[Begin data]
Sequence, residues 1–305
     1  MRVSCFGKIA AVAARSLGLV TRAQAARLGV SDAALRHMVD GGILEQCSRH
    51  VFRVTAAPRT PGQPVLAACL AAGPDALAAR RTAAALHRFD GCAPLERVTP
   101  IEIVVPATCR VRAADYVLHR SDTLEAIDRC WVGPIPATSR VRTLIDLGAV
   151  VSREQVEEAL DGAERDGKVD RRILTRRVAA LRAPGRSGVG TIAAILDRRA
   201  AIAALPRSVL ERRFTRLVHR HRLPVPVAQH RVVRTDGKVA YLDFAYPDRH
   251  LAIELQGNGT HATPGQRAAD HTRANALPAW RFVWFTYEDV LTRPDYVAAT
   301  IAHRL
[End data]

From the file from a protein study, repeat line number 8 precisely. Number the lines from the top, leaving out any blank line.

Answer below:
   301  IAHRL